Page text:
And this is why I applaud the school in somewhere or other that made the Daily Mail on Thursday for telling it's kids that sports day was optional. Of course, the Daily Mail are spitting bits of Empire about it, but hey, it's a damn good idea, as far as i'm concerned. Why not let the kids who couldn't give a stuff about running do something else? Running isn't a vital life skill, like reading, or adding. Bullying people into it doesn't make it fun. Lord alone knows I had to do enough bullying into it myself, as form tutor. In year 7, it went like this:
me: "Who wants to run the 100/200/400/800/ etc etc?"
Kids: "Me! Me! Me! Miss, me!"
By year 9, it was like this.
Me: "Who wants to run the 100 metres? Anyone? Come on?"
Kids: "      "
And how I laughed as I tried to get them to run the 800m. In the end I had to bribe them and threaten them. How did this happen? Through a mixture of PE and hormones.The ones that were good at PE enjoyed it. The ones that were not, didn't. Plus, they had to contend with bits bulging, skin erupting, classmates taunting and, for girls, the hideous clipboard with monthly information recorded. What actually was there to like about PE if you didn't excel at it? And yet, the girls in my form who hated PE were almsot universally members of the street dance club, which met to thunder it's way round my classroom and never put the desks back properly every lunchtime. I had one form tutee who was a whiz at golf, another who was excellent at bowling. None of these are offered at school.  PE doesn't have to be about winning and losing and humiliation. It can and should be about doing something you enjoy, in small groups, or large. It doesn't have to be competative to be useful in building team skills. It's only the winners who insist that competition is best.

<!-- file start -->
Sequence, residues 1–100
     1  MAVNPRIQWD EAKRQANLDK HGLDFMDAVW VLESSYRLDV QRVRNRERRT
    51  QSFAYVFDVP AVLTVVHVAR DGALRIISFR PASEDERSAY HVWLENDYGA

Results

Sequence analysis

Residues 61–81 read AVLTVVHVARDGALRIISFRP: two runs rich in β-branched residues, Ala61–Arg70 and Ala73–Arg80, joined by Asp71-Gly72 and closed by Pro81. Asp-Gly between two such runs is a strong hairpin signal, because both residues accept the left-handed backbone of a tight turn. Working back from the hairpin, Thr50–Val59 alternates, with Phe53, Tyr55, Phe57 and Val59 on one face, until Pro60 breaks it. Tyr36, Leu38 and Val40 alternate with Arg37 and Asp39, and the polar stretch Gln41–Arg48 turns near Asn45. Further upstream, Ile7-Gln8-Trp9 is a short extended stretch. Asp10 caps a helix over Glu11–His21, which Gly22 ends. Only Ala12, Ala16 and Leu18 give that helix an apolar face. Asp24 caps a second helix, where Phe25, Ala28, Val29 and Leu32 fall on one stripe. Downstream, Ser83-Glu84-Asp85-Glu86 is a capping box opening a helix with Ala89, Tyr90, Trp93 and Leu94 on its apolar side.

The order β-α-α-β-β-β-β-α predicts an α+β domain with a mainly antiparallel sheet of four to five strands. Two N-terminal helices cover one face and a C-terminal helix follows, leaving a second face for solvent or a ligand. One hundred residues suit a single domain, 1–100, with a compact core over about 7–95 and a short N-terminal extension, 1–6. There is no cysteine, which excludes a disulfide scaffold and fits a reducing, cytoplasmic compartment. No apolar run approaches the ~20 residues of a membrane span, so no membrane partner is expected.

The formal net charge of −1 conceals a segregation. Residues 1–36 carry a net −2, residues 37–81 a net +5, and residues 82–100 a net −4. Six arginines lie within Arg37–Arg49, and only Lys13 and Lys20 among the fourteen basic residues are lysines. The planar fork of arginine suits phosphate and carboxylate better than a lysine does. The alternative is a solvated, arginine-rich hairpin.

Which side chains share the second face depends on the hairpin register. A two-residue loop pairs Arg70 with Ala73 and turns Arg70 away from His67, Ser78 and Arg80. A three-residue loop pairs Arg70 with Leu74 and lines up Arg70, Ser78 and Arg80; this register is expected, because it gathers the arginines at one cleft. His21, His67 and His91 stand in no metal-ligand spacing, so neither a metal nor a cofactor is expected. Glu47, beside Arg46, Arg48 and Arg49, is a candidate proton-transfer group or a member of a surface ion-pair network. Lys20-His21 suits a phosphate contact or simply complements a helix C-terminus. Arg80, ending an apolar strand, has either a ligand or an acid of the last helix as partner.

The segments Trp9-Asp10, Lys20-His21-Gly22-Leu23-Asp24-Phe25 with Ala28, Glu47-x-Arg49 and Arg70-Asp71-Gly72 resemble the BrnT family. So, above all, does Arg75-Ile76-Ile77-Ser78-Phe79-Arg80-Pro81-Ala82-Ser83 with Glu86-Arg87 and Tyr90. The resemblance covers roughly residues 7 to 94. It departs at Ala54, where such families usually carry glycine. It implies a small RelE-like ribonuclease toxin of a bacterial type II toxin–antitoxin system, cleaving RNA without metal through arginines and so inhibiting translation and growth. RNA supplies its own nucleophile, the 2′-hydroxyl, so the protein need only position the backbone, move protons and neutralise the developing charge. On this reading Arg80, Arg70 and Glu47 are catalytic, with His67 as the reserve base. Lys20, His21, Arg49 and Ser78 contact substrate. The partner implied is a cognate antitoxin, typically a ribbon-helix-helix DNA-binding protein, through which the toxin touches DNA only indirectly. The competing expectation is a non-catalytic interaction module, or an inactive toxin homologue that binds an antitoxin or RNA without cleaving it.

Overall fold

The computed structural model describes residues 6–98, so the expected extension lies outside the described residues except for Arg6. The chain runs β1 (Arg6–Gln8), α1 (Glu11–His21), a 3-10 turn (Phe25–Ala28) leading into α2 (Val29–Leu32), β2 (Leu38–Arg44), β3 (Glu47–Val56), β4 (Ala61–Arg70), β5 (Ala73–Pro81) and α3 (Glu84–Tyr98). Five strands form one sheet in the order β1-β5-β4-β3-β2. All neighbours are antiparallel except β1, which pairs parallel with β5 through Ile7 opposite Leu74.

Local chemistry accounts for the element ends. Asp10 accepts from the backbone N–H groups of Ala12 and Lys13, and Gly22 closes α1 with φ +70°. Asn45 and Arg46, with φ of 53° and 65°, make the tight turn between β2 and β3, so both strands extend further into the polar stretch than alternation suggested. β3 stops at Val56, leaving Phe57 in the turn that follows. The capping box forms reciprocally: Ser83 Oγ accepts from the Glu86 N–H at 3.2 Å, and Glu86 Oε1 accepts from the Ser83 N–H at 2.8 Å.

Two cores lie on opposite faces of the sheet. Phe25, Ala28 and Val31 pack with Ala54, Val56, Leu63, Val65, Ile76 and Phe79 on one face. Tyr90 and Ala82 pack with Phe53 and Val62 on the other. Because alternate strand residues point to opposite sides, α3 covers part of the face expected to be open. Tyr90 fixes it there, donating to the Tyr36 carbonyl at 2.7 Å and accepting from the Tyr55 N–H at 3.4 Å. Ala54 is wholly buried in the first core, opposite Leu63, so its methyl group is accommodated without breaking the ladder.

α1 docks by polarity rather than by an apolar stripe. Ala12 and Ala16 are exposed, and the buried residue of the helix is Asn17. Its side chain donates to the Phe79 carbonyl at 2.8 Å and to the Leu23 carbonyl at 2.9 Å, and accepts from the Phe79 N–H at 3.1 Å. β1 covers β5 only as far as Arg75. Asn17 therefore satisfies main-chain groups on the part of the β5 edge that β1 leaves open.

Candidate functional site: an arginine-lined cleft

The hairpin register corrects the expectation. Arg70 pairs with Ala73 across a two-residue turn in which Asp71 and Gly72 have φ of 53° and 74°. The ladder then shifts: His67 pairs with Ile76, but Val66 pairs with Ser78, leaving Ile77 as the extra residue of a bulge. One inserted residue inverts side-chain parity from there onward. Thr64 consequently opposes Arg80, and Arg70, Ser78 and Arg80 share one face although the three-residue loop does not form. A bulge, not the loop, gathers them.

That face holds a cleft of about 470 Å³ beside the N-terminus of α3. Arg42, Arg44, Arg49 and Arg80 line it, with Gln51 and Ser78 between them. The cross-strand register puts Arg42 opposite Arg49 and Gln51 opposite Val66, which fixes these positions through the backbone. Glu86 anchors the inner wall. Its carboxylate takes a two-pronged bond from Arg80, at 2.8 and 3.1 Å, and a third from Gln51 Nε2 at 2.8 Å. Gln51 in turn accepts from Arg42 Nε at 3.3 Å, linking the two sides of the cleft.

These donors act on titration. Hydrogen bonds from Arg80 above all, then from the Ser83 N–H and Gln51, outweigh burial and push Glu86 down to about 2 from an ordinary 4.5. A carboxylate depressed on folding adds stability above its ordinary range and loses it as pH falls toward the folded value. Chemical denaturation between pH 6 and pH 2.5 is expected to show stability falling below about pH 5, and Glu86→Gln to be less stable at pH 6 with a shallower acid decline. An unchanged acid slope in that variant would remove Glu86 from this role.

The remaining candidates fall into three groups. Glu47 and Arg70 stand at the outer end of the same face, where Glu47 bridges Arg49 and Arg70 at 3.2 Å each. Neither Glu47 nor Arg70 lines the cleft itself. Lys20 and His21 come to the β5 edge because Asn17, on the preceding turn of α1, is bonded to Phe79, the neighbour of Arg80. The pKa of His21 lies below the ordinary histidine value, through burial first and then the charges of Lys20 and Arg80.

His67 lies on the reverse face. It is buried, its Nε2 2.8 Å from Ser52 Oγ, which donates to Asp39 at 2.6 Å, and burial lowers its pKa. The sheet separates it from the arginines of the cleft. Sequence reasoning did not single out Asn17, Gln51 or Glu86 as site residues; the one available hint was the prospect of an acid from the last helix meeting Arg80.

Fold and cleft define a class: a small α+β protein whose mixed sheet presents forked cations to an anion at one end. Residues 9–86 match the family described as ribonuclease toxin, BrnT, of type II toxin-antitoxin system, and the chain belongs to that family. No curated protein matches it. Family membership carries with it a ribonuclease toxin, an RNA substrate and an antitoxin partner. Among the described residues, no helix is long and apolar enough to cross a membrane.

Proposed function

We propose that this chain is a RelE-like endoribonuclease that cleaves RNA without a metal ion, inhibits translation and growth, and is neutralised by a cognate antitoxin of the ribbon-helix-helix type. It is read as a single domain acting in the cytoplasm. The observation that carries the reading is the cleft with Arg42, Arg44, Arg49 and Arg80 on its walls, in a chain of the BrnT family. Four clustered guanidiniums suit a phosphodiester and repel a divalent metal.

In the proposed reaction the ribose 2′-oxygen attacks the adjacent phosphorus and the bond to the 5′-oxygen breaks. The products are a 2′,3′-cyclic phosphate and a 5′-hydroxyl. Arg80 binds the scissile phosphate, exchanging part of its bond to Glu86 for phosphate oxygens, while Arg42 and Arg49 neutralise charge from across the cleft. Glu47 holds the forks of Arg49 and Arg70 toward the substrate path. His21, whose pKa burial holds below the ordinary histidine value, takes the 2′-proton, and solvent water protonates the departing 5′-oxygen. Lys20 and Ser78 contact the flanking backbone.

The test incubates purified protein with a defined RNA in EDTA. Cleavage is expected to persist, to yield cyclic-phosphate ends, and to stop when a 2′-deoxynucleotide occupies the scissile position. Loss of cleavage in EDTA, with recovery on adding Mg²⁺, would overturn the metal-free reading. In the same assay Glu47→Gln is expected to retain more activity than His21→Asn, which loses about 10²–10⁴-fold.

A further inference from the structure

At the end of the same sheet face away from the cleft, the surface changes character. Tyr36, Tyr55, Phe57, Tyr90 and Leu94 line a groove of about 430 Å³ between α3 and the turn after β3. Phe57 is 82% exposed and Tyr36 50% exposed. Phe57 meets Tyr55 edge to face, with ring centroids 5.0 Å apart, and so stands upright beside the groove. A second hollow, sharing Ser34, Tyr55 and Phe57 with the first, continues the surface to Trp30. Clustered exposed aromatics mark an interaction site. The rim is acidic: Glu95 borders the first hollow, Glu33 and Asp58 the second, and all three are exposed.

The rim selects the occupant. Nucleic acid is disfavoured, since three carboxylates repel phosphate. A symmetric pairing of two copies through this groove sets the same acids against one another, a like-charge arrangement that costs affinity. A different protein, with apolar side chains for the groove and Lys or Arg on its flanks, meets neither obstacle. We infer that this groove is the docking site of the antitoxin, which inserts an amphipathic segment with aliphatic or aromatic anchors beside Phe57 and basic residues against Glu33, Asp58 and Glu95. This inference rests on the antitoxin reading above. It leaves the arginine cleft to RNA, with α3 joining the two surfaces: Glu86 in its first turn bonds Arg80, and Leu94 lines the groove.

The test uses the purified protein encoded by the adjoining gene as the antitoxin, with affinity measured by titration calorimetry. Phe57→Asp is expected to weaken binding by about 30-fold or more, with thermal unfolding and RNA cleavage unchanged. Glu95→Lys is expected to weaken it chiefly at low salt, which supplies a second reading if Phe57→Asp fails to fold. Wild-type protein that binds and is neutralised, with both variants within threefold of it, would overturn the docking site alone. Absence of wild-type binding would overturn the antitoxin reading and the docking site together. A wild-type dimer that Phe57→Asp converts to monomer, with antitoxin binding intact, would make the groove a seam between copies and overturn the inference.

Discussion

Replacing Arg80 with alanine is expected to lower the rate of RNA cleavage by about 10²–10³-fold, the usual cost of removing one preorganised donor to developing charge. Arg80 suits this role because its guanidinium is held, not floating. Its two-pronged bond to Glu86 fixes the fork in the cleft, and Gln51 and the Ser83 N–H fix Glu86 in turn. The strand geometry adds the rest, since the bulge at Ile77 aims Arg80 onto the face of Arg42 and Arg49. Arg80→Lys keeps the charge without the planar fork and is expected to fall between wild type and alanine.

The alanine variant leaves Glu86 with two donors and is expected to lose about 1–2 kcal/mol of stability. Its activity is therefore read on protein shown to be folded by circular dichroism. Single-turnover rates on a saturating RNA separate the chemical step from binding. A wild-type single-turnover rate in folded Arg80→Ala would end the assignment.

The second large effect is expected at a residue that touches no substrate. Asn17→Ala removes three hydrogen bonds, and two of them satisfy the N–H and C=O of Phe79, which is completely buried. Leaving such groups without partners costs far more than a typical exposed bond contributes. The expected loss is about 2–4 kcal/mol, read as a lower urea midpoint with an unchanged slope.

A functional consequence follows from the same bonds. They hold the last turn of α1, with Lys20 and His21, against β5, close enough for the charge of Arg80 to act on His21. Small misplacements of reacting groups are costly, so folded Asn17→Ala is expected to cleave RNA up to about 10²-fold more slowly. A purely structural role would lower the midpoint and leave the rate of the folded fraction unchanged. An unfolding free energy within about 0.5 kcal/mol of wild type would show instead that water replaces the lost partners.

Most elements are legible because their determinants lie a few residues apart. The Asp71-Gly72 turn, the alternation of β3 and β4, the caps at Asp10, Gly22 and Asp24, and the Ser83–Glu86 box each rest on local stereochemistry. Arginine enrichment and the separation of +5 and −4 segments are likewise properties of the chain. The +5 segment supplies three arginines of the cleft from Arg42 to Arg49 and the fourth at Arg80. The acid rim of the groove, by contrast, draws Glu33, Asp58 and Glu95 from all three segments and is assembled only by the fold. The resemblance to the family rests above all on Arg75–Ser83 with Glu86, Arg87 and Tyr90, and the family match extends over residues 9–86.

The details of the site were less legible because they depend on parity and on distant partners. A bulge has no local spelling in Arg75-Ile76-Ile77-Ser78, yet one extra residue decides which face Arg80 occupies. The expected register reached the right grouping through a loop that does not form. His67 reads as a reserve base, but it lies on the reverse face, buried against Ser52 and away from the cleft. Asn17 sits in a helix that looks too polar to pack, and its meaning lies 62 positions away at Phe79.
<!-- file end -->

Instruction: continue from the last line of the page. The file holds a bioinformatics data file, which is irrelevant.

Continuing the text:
So, if your kid is wetting the bed pre-sports day, and throwing a tin of Scotch Broth down the loo pretending they've been sick (yes, that was me: the giveaway was the Scotch Broth smelt far worse than actual sick), then let 'em off. Write them a sick note. Do some sport they like instead, with them.

*Alert* Lady from Wimblington: I lost your mail and now cannot find your blog. Please send it to me again!

Saturday, 2 July 2011

A risky kid is a happy kid.

I cannot watch Michael Gove on television because a) he has a mouth like a cat's bum and b) everything that comes out of it is unmitigated shit that makes me want to destroy my television. Neither can I listen to him on the radio, as even though I can't actually see him, I can still hear him doing his posh spitty boy talking and spouting errant nonsense that he dresses up as policy. The newspapers are usually safe, although they do enjoy printing huge headshots of the man that make him look like Matt Smiths' newest nemesis. So it was, that perusing the Guardians Education section this morning, I came across this article about Health and Safety in schools. And this, on the BBC. And now I find myself in a quandry. Because despite, with every fibre of my being detesting the odious little man, I am in agreement with him here. Oh god, I had to hairball that sentence out.

It is very true that the Health and Safety requirements for basic school trips are disproportionate. On taking 10 students from the History club to an underground nuclear bunker (helpfully signposted "secret nuclear bunker" to help us find it), I well remember the sheaves of paperwork and tedious write ups that allowed us to take them on a mini-bus and explore a site that was preparing for the end of the human world. The hideous room that showed them the exactly how the government was calculating deaths from nuclear war, suicide tablets, and the entrance corridor that turned a corner so as to enable the hoardes of ordinary folk who didn't want to die and were invading, to be mown down by government forces, may have given them nightmares, and in fact made one of them quite panicky. But really, walking round a museum (albeit an underground one) is not a high risk activity. Children who go to History club (aka "geek club") are pretty much risk averse and more into re-enacting the telemark skiers with little play men and dice than taking risks. It really would have made life easier if I could just have written their names down on an excursion list and driven off.